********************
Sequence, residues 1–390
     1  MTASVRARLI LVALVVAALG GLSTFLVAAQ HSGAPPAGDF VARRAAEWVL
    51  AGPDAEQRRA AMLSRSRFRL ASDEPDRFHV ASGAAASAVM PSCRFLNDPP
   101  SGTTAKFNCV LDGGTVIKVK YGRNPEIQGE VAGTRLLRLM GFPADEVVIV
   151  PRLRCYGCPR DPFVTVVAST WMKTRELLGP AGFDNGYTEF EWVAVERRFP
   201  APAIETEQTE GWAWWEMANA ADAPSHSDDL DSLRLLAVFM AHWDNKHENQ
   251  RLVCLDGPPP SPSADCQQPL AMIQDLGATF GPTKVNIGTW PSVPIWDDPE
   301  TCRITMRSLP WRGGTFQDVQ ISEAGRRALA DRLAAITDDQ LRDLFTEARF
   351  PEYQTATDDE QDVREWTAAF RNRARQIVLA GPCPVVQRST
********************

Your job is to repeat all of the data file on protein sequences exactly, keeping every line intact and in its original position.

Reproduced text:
Sequence, residues 1–390
     1  MTASVRARLI LVALVVAALG GLSTFLVAAQ HSGAPPAGDF VARRAAEWVL
    51  AGPDAEQRRA AMLSRSRFRL ASDEPDRFHV ASGAAASAVM PSCRFLNDPP
   101  SGTTAKFNCV LDGGTVIKVK YGRNPEIQGE VAGTRLLRLM GFPADEVVIV
   151  PRLRCYGCPR DPFVTVVAST WMKTRELLGP AGFDNGYTEF EWVAVERRFP
   201  APAIETEQTE GWAWWEMANA ADAPSHSDDL DSLRLLAVFM AHWDNKHENQ
   251  RLVCLDGPPP SPSADCQQPL AMIQDLGATF GPTKVNIGTW PSVPIWDDPE
   301  TCRITMRSLP WRGGTFQDVQ ISEAGRRALA DRLAAITDDQ LRDLFTEARF
   351  PEYQTATDDE QDVREWTAAF RNRARQIVLA GPCPVVQRST